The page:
Tuesday, December 30, 2008

It's a Family Thing...

There have been some eerie coincidences between my mother’s and mine pregnancies. Our first children, daughters, were born when we were 23, our seconds to be born about three years later. Beautiful blue-eyed girls emerged after about 30 hours of labour; we both stopped dilating at about 6 cm, and didn’t progress until we received epidurals.

I am not sure if it is self fulfilling prophesy or some sort of weird genetics, but I will be prepared in case. *

See, my brother, the second-born, was due in Mid-February…like Carli is. He was a large baby, and measured ahead…like Carli does. And he tried to come in Mid-January, 4 weeks early.

Back then, in the mid-80’s, they stopped labour. He said, ‘All right, if you say so…’ and instead came 6 weeks later…2 full weeks after his due date. And GIANT. He had grown to nearly 10 pounds, with the shoulders of a linebacker; my mother had to have an emergency c-section.

So, last night, at 33 weeks and 2 days, I packed most of my hospital bag. I have clean sweatpants and tank tops for after-delivery, a change of clothes for my lovely husband, and Carli’s coming-home outfit. I have hotel bottles of shampoo and conditioner and lotion and mouthwash and body wash, saved from 1 night in a hotel fancy enough to have Bath and Body Works, not Pert Plus. (Mandarin Ginger! Yum!) I have my list of birth preferences, and my hospital pre-registration is ready to be dropped off. I am constantly running through my brain, trying to think of anything else I might need that the hospital won’t provide… feel free to leave a comment if you can think of anything…

Because, even though I am mentally prepared to be pregnant for 6 ½ more weeks…I am physically prepared to insist they let her come out when she darn well pleases. They see no issues with letting her come after she hits 36 weeks, and I am completely and utterly 100% no holds supportive of that…as is my ridiculously large stomach and my inability to sleep more than 3 hours straight…oh, 3 am, how I wish I did not know you…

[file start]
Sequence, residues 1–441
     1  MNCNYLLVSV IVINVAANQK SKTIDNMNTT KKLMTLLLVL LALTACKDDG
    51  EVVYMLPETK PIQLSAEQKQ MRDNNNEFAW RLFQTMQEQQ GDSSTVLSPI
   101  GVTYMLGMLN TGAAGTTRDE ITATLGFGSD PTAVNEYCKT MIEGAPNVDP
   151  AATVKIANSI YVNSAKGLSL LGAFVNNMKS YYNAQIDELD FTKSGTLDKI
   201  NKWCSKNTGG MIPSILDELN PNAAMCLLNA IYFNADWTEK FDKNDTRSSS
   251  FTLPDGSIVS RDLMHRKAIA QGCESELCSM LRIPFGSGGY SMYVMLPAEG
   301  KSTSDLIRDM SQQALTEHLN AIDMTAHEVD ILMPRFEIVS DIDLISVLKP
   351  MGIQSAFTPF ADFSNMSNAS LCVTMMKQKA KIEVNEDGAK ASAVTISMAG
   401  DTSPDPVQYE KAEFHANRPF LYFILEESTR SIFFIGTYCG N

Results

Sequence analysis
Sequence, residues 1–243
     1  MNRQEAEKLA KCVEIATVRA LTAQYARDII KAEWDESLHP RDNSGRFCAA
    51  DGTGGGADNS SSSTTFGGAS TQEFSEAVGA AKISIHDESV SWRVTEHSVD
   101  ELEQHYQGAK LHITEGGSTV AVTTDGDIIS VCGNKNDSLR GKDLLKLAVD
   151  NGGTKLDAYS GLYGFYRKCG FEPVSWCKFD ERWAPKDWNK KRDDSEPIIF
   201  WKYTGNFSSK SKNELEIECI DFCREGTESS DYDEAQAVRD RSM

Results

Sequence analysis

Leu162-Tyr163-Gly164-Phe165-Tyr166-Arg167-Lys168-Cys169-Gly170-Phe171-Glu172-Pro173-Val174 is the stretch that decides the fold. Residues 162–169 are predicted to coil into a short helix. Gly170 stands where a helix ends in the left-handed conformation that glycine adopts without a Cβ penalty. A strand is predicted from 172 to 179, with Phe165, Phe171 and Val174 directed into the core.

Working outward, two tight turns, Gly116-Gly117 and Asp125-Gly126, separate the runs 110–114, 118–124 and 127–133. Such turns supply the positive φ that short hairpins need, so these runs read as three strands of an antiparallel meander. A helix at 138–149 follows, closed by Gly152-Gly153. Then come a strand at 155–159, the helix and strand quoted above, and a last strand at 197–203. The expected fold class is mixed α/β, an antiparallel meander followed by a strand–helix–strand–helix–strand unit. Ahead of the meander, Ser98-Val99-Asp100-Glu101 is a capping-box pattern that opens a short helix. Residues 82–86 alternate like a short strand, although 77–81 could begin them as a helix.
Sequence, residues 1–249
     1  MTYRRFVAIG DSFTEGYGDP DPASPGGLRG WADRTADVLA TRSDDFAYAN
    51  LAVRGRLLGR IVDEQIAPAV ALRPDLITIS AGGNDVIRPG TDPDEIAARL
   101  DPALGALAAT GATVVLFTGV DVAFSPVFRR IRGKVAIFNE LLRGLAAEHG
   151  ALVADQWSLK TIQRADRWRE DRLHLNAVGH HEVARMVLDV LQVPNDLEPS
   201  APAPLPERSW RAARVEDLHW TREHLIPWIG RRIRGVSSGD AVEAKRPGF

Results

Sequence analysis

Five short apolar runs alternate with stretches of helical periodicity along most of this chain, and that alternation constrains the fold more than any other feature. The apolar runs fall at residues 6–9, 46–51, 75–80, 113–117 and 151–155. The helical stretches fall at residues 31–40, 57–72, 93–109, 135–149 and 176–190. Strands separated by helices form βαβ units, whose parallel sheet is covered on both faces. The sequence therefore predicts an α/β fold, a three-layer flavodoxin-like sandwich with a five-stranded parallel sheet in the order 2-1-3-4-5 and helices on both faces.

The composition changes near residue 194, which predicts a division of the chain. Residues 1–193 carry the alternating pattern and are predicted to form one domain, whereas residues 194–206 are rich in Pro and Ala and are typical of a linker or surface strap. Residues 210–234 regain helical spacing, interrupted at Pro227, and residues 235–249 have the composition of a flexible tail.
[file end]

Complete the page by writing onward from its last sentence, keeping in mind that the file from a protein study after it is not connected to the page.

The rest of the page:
So, hold tight for 2 more weeks and 4 days, darling Carli Jay. Once January 18th hits, you just come on out whenever you want. We’ll be ready for ya.

* The real test of these genetics will be in about nine months…when my mother conceived her third. We will be employing heavy amounts of birth control around November, that is for sure…

Friday, December 19, 2008

In Which I Go On About Christmas Far Too Long.

December has always been one of my favourite months…Christmas was the big event of the year in our house, and though it was never dripping with extravagance, my mother infused the holiday with charm and love overflowing. We would start the traditions after Thanksgiving – putting up the tree while drinking boiled custard, then turning out the lights and sitting in the glow while my father told us the meaning behind the tree – and they continued throughout the month. We would spend days baking kifle and sugar cookies, buckeyes and peanut butter kisses. There would be holiday music or movies on constantly, and we would wear our Christmas-specific clothing until it fell apart.

Every part of our house was decorated…we even had a Santa toilet seat cover. Christmas dish towels and candles and rugs and knick-knacks replaced the everyday ones for the month of December. In any of the many houses we lived in during my childhood, you could walk in and feel warmth, welcoming. Ours was the house you wanted to come to after school and have a hot cocoa and a cookie, curl up on the big blue couch, and while away your afternoon.